Net result is a rally in bond and equity markets, stronger risk currencies like the NZD and weaker European currencies; US Treasury yields have pushed lower, although more so at the long end of the curve

Net result is a rally in bond and equity markets, stronger risk currencies like the NZD and weaker European currencies; US Treasury yields have pushed lower, although more so at the long end of the curve

It has been an eventful overnight session in markets, driven by a dovish speech by ECB President Draghi and President Trump confirming that he will meet President Xi later this month. The net result is a rally in bond and equity markets, stronger risk currencies like the NZD and weaker European currencies.

At the annual offsite central banking forum in Portugal, the ECB’s Draghi changed the policy narrative, commenting in a speech that additional stimulus will be needed “in the absence of any improvement” to the outlook for growth and inflation. The central bank has a number of weapons in its arsenal to take action if inflation doesn’t pick up and this applies to all instruments, he said, adding that “further cuts in policy interest rates and mitigating measures to contain any side effects remain part of our tool.” In a panel discussion he later stressed that the language is a deliberate change from less than two weeks ago, “this is because of this lingering uncertainty that is by itself a materialisation of risk”.  Bloomberg later reported that the ECB anticipates using an interest-rate cut as its first stimulus move if the Bank needs to act again to boost inflation, according to three euro-zone central bank officials.

The ECB next meets in five weeks in late July, so a policy move could be implemented then depending on how things pan out over coming weeks. EUR immediately fell on the speech headlines and the move has been sustained, taking it down from 1.1240 and finding some support just under the 1.12 mark.  Falls in SEK, NOK and CHF round out the bottom of the leaderboard for currencies.  European bond yields have seen some big moves, with 10-year rates down 22bps in Greece, 19bps in Italy and 13bps in Spain. Germany’s 10 year rate is down 8bps to minus 0.32%, a fresh record low.

Draghi’s dovish talk drew the ire of President Trump who tweeted “Mario Draghi just announced more stimulus could come, which immediately dropped the Euro against the Dollar, making it unfairly easier for them to compete against the USA. They have been getting away with this for years, along with China and others.”  Still, after having another dig at China, Trump confirmed that a meeting with President Xi will proceed at the G20 summit at the end of this month, tweeting, “Had a very good telephone conversation with President Xi of China. We will be having an extended meeting next week at the G20 in Japan. Our respective teams will begin talks prior to our meeting.”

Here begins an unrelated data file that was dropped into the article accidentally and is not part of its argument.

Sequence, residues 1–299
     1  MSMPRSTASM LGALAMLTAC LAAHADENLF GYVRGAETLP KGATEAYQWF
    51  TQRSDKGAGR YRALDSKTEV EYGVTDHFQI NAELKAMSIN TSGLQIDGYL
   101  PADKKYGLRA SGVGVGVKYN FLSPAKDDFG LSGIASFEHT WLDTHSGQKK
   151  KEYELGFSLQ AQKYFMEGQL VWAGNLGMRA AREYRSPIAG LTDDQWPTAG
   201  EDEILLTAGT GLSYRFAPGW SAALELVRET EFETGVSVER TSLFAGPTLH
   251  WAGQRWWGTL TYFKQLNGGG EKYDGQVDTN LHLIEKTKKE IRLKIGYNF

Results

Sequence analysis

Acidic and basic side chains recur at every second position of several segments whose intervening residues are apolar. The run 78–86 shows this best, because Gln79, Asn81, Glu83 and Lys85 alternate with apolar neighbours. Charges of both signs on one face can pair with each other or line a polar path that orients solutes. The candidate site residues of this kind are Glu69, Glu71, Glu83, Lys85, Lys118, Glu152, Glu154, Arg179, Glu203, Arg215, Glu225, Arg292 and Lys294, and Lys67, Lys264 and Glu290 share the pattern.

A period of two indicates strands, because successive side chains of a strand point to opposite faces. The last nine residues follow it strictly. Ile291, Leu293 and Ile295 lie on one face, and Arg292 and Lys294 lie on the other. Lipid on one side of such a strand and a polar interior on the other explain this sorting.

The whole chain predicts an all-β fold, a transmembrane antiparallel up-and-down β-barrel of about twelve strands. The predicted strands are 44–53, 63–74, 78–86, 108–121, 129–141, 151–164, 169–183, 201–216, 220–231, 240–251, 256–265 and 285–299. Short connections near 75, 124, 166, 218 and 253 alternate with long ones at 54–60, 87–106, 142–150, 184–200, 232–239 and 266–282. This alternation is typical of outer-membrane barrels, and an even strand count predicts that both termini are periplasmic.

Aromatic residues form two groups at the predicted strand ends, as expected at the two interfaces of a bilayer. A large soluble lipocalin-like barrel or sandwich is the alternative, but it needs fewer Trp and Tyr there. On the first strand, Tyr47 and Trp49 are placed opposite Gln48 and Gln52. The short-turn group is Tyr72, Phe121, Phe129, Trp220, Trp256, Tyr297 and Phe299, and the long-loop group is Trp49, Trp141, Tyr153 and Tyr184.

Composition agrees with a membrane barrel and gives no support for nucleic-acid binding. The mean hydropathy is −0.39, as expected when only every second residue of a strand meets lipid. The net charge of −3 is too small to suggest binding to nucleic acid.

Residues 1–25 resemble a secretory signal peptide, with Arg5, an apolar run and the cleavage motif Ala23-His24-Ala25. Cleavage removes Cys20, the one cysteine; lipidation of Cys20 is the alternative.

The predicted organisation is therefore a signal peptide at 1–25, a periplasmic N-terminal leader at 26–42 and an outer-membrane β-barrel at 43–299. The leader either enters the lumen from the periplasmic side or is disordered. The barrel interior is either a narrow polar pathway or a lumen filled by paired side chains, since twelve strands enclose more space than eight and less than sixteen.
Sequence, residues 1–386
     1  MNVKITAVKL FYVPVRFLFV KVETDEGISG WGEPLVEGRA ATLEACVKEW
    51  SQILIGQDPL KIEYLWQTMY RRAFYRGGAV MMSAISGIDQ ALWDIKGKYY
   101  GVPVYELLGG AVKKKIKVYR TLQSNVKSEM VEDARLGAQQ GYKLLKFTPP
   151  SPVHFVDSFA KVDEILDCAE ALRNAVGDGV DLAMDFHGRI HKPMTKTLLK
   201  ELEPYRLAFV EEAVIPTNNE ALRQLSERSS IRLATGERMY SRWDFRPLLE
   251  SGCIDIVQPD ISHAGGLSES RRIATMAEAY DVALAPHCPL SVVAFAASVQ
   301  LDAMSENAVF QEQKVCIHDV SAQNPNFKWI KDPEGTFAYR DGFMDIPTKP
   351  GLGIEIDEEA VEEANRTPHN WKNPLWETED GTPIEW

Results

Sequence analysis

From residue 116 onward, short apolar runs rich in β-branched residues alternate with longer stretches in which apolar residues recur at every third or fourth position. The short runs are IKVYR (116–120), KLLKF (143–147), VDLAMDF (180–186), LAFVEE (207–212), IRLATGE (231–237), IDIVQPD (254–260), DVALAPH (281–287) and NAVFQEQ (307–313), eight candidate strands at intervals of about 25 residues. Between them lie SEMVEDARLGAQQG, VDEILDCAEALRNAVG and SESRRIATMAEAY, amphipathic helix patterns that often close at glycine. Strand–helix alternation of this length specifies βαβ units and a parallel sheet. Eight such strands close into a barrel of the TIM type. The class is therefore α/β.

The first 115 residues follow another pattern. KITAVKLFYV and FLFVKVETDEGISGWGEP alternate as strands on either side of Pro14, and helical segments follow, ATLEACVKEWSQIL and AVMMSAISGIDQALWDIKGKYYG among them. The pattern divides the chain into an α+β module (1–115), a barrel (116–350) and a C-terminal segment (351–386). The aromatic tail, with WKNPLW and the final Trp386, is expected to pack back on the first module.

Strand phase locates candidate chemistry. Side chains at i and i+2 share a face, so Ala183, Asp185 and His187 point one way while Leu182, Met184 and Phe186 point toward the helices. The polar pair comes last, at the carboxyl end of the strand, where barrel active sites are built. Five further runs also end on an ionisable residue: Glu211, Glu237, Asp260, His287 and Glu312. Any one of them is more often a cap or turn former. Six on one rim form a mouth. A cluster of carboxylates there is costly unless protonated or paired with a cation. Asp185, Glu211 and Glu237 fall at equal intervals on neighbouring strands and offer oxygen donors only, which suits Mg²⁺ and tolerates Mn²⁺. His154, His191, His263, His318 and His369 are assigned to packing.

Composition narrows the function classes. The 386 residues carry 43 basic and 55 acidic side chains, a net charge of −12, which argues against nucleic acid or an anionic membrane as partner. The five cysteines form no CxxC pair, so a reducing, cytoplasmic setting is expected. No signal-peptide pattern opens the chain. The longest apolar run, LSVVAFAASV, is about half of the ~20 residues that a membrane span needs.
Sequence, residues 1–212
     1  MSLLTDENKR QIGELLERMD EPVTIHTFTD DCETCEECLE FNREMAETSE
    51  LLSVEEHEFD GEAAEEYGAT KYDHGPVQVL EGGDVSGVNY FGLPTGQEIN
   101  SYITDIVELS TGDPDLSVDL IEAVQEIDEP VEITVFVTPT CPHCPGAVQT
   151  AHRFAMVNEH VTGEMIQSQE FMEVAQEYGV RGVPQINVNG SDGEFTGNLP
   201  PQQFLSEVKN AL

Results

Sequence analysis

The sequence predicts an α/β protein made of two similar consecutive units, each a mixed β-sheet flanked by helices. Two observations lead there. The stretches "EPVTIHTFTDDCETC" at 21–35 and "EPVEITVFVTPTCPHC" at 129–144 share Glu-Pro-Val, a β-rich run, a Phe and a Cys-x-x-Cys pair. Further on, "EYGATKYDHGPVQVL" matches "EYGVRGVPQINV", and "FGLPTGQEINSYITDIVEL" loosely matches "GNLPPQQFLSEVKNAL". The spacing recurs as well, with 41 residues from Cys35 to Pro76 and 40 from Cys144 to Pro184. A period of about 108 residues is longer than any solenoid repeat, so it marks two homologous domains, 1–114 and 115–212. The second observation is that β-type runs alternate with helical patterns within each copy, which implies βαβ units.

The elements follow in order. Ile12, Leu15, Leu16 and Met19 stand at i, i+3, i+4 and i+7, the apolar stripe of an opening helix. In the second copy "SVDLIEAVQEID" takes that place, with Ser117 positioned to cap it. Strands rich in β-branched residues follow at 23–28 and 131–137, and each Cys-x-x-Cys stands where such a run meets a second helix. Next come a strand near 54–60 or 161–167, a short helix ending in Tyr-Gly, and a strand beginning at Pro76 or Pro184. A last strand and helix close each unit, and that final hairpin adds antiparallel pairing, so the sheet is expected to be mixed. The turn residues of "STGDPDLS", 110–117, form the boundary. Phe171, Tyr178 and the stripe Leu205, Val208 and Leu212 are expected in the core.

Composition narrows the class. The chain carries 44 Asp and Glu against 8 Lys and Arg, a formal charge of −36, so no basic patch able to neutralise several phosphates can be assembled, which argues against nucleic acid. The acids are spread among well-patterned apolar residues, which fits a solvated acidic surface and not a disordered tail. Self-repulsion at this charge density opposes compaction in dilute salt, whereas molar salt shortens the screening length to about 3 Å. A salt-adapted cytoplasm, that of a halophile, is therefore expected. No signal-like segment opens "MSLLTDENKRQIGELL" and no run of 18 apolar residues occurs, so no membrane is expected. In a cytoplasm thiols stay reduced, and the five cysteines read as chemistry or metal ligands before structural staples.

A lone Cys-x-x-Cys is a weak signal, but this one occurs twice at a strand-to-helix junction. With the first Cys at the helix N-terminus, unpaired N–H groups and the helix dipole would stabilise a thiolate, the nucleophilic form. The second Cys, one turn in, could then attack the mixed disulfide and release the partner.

As we’ve noted in previous reports, the outcome of this meeting will be crucial for how markets perform in the second half of the year.  Until today, there was some doubt that the two Presidents would even meet, with Xi previously not willing to commit to a meeting.  The combination of the dovish tone from the ECB and confirmation of a Trump-Xi meeting has supported equity markets, with the S&P500 currently up 1.1%, after being up as much as 1.4% in early trading.  Still, there’s no guarantee that the trade war will ease.  US Trade Representative Lighthizer told senators at a hearing in Washington that the Trump administration will stay tough and this follows the weekend comment by Commerce Secretary Ross downplaying the prospect of a major deal in the near term.

Despite the risk-on backdrop, US Treasury yields have pushed lower, although more so at the long end of the curve, with the 10-year rate down 4bps to 2.055%, climbing from a low of 2.015% after Trump tweeted about his phone call with Xi. As well as the tailwind from lower European rates the theory might also be that further policy easing by the ECB would ease the path for the Fed to cuts rates as well.

Higher risk appetite sees the NZD at the top of the leaderboard, albeit up a modest 0.5% to 0.6525.  AUD is up slightly less, taking it to 0.6875 and helping push NZD/AUD up to around the 0.95 mark, with the RBA’s minutes yesterday noting that further policy easing was more likely than not in the period ahead.  The NZD’s outperformance sees it higher on all the key crosses, with NZD/GBP around 0.52, NZD/EUR at 0.5830 and NZD/JPY at 70.75.

The GDT dairy auction overnight saw the price index fall by 3.8%, close to our estimate of a 4% reduction, making those muddy gumboots worthwhile for our resident cow-whisperer Doug Steel. The obvious weakness in pricing confirms the downward turn we’ve been expecting and reinforces the caution we’ve long had about the 2019/20 milk price.

In the day ahead we’re likely to see markets move into a holding pattern ahead of the FOMC update at 6am NZ time tomorrow morning, where the Fed is expected to downgrade its inflation forecast, lower the dot-plot of Fed Funds projections and remove its “patience” comment in the outlook for policy – a dovish tilt from the last meeting, but not as dovish as current market pricing, so the comments from Fed Chair Powell at the press conference will be important and ultimately determine the market reaction.  He might be feeling a little sheepish after Bloomberg reported that the White House explored the legality of demoting him in February, soon after President Trump talked about firing him, according to people familiar with the matter.


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